Stolen during the colonial era, the bronzes of Benin are among the most famous works of African art. Exhibited from Saturday at the Humboldt Forum, they testify to Germany's progressive awareness of the injustices of the past.
Stolen during the colonial era, they are on display from Saturday in Berlin before their return to Nigeria: the bronzes of Benin and their tumultuous history testify to Germany's progressive awareness of the injustices of the past. They are among the most famous works of African art.
Two thrones, a commemorative head of a king that once adorned the palace in Benin City, former capital of the Kingdom of Benin (southern Nigeria) are among the items on display at the Humboldt Forum, a museum complex in the heart of historic Berlin. Some will soon leave for Africa. Two rooms, accessible to the public from this weekend, are devoted to the art and history of the Kingdom of Benin in "close collaboration with Nigerian partners“, according to the German authorities. The transfer of ownership is explained and educational workshops are also scheduled.
The Benin bronzes were scattered in several European museums after being looted by the British at the end of the 19th century. "The recognition of colonial injustice and the resulting restitutions as well as the many new avenues of cooperation and co-production will continue to define our work in the future.“Promised Herman Parzinger, president of the Prussian Cultural Heritage Foundation, which oversees Berlin museums, in a press release.
“A lucid look at the past”
This initiative is part of a series of measures taken recently by Germany to try to assume the crimes of the colonial period, such as the official recognition in May 2021 of a genocide perpetrated in Namibia. "Like the Netherlands and Belgium, Germany has implemented museum policies with a lucid look at the colonial past“Said Pascal Blanchard, French historian, specialist in the “colonial fact” and immigration in France, in an interview with AFP. Thus, the large museum dedicated to Africa in Tervuren, near Brussels, reopened at the end of 2018 after renovation, claims a "criticallyon this past and the history of the objects collected under the King of the Belgians Leopold II, who for a long time managed the Congo as his private property at the end of the 19th century.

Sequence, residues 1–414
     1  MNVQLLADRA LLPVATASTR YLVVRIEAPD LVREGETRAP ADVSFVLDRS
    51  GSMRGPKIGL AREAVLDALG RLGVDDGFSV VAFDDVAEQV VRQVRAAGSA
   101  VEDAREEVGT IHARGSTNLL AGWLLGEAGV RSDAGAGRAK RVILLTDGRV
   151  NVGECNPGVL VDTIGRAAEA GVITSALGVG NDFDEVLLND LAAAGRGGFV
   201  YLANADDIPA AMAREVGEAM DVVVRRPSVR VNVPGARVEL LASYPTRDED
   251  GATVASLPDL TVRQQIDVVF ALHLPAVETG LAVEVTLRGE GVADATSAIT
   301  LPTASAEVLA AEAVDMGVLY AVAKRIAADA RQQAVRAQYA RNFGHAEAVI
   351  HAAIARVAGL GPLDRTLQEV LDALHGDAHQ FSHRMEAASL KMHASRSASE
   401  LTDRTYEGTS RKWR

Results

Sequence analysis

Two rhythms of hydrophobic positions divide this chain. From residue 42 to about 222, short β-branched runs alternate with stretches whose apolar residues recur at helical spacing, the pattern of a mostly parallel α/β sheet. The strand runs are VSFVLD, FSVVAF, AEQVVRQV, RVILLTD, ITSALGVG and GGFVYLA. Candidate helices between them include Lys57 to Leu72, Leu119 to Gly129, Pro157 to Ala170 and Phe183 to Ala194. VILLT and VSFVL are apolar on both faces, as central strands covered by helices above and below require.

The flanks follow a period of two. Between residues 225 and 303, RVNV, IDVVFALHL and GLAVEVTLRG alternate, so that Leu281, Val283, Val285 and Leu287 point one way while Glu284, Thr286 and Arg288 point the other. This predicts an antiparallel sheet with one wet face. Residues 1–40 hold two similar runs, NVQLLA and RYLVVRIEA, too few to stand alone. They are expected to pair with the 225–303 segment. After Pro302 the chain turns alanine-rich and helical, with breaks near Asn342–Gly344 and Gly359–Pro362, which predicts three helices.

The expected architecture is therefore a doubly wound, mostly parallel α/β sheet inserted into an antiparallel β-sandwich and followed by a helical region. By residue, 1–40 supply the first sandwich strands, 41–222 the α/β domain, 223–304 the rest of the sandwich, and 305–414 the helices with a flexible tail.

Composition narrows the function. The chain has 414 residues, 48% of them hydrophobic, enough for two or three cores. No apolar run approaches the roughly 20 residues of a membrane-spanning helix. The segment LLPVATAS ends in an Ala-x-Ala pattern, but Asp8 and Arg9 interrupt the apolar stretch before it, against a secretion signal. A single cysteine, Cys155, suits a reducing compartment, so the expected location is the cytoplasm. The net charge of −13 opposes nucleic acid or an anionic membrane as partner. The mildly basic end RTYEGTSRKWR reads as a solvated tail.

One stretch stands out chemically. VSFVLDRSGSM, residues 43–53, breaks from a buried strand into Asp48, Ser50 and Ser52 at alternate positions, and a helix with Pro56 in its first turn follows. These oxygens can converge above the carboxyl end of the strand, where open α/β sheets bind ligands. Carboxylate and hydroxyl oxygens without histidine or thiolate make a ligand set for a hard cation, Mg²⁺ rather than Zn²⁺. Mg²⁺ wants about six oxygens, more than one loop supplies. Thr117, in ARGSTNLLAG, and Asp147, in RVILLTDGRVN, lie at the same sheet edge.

Similarly, the Tropenmuseum in Amsterdam looks at the country's colonial heritage. Unlike France and its Blackfoot community in Algeria, Germany, which lost its colonial empire after its defeat in World War I, does not count among its population of returnees from Africa. "There is no political weight, which makes it easier to understand the story“says Mr. Blanchard.
Museum in Benin City
Nevertheless, Germany, like other Western countries, has had to face criticism in recent years about the provenance of the objects kept in its museums, in the wake of movements against racism. And these criticisms have been exacerbated by the opening in December 2020 of the first part of the Humboldt Forum museum complex, housed in the reconstructed former palace of the sovereigns of Prussia. In this highly symbolic place, main residence of the Hohenzollerns, initiators of German colonialism, it was planned to exhibit colonial objects. Currently, the Ethnological Museum of Berlin has 530 historical objects from the former kingdom of Benin, including 440 bronzes, considered the most important collection after that of British Museum from London.
According to its director, Lars-Christian Koch, part will soon be returned, a third will remain there in the form of loans for ten years and the rest of the objects, not exhibited, will be studied by researchers. The German restitutions echo similar steps taken by other European countries, such as France which returned in November 2021 to Benin, a neighboring country of Nigeria, 26 works from the royal treasures of Abomey (south). And they increase the pressure on the British Museum, which holds some 700 bronzes.
For the French historian Bénédicte Savoy, these returns come very late: “African demands for restitution date back to the independence of these countries in the 1960s. They have been suppressed, refused, forgotten for years.". Nigeria plans to build a museum in Benin City in southern Edo State to collect the recovered works.